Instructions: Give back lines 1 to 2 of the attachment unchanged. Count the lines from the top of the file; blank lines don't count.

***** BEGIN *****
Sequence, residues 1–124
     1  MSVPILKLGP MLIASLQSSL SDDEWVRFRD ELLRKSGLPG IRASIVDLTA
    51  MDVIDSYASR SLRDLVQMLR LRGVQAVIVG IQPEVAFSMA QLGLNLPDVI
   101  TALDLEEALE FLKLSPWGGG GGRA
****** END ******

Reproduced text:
Sequence, residues 1–124
     1  MSVPILKLGP MLIASLQSSL SDDEWVRFRD ELLRKSGLPG IRASIVDLTA